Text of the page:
Those are some of the things I've used in the past or that have been used on me. I would honestly avoid asking people "how do you do this?" kinds of questions, because it's very easy for people to suddenly forget how to do things or not be able to explain the process in words because they've always had a computer in front of them when they did it before and have never had to explain how to do it to someone else before. That's why I recommend terminology questions instead. Terminology is a normal part of communication, which is what you're doing with interviewees. Server administration is not something that translates well to spoken instruction if you haven't spent a portion of your career as a public speaker. The major exception to this rule is "How *did* you do that?" questions. Particularly when people are explaining major challenges or projects they've worked on. It is much easier for people to explain how they solved a problem in the past than it is for them to explain the solution to some hypothetical issue they may or may not have faced before.
First I think it's important to step back into your own past and think of what you know when you were first coming into your position. I would assume that some things are ok to be learned and it's important to keep this in mind so you dont weed out candidates with high potential to grow. Maybe try asking how to do the basic everyday tasks that anyone with hands on experience would know how to do or would know information about.

If you have the benefit of time, I find it helpful to step away from the questions and go back to review them weeks later to make sure even I still know the answers. Sometimes answers seem obvious at the time of writing but after day to day work of other tasks you may not be able to recall how to answer.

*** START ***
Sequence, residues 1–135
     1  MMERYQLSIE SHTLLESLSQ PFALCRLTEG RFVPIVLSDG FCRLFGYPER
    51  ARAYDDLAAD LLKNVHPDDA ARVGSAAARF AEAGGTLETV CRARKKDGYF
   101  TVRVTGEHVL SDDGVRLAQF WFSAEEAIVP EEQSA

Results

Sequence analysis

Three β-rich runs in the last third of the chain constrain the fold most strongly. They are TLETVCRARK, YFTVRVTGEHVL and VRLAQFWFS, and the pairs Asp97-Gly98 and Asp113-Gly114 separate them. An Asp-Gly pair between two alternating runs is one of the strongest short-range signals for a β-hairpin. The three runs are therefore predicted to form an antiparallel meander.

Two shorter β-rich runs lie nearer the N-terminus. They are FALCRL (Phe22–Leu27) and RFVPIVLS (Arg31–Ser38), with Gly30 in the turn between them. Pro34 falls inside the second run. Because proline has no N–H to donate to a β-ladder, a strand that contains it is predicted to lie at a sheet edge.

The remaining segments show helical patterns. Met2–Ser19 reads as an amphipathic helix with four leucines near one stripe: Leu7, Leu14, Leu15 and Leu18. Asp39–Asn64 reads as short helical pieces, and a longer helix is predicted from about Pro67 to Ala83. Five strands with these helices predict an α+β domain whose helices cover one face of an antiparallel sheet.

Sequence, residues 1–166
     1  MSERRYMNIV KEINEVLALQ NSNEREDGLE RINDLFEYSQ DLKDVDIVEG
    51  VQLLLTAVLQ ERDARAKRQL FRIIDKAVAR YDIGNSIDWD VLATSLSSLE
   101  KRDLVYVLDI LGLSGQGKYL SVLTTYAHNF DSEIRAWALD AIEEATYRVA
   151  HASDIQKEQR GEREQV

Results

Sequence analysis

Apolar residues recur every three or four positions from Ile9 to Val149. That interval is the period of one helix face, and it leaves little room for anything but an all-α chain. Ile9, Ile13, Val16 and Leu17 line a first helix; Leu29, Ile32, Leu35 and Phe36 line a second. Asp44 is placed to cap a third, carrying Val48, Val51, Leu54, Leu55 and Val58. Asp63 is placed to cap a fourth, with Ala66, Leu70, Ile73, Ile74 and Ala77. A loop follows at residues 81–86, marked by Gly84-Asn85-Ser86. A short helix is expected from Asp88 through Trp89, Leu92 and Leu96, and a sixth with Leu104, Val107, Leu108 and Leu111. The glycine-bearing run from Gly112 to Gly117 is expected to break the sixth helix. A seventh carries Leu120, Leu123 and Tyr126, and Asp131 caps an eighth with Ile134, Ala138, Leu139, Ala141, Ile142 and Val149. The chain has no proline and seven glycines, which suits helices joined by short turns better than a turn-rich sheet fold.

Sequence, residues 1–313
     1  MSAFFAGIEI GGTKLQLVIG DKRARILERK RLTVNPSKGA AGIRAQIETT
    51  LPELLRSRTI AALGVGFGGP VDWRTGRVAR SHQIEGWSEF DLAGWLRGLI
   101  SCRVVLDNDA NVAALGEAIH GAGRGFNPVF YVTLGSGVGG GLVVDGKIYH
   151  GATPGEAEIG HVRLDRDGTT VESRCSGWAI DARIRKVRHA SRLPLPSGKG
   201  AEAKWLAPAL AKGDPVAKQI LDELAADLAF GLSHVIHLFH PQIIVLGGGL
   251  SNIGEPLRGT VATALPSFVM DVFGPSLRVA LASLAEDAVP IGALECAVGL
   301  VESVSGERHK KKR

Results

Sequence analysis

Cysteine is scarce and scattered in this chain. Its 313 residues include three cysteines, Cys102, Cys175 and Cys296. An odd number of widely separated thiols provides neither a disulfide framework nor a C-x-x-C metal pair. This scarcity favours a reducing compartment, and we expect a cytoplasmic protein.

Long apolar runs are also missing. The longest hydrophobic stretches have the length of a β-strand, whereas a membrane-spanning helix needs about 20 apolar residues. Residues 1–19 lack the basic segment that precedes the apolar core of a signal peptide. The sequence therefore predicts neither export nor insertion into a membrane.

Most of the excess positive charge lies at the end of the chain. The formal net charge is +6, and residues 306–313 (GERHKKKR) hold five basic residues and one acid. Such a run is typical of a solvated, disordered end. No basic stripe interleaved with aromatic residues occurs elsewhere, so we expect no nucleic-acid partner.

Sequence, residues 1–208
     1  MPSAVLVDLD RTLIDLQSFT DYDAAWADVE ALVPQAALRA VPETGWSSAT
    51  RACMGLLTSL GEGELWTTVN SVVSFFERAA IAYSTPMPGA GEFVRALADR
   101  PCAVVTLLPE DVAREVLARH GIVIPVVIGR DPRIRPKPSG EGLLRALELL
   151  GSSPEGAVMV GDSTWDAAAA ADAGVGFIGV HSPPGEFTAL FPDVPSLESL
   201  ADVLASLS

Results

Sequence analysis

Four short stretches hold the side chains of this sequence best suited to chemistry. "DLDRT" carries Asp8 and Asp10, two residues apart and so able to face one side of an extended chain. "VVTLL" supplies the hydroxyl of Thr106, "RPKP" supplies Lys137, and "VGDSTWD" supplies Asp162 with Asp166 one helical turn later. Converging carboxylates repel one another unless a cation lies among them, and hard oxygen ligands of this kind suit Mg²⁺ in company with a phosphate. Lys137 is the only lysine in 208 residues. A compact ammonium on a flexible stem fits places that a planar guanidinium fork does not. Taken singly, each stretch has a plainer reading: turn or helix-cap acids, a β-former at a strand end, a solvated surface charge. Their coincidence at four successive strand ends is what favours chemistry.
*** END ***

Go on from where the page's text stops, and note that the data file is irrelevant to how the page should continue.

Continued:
While knowledge is key, dont place too much emphasis on it. To me it's more important for the candidate to get along well with the team and myself if they show potential to proactively grow their skills and imvestigate answers to problems they dont know.

You can give them open ended questions about your configuration to try to get them to ask investigative questions.

Try to stay away from long arduous tasks like your install example because that could take a while and waste both your and the candidates time. Also double check with HR to ensure that your questions are allowable and consistent across candidates.
OriNetworksConnect With a Mentor Commented:
Specifically I would be interested in asking what kind of scheduled maintenance activities they would do if they had the position. To me this would indicate their their level of hands on experience and proactive nature.

Also important to ask how they would test backups, if that is part of their role.
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yo_beeDirector of Information TechnologyAuthor Commented:

These are good suggestions.  

I want to know that this candidate can work with the core Windows Server application and roles from day one.  
I was thinking of asking  
  1. "How would you create a GPO that only targets a group of users or computers?"
  2. "What tools would you use to validate computer connectivity?"
  3. "How to prevent users from logging on to certain computers?"
  4. "What tools would you use to assess an issue a server or workstation is having?"
  5. "What event happens on the second Tuesdays of every month?"
OriNetworksConnect With a Mentor Commented:
That looks like a great start. 2 and 4 seem a little too open ended so I would expect to hear follow up questions from the candidate on these.

Queston 2 could apply to connectivity to a specific server, internet connectivity, or overall network connectivity in which the client cant access anything. be ready in case the candidate makes an assumption, for example, cant reach the internet, and starts suggesting answer that you think may not immediately apply, such as checking the router. if you think they may not be answering as expected you can as why they answered the way they did.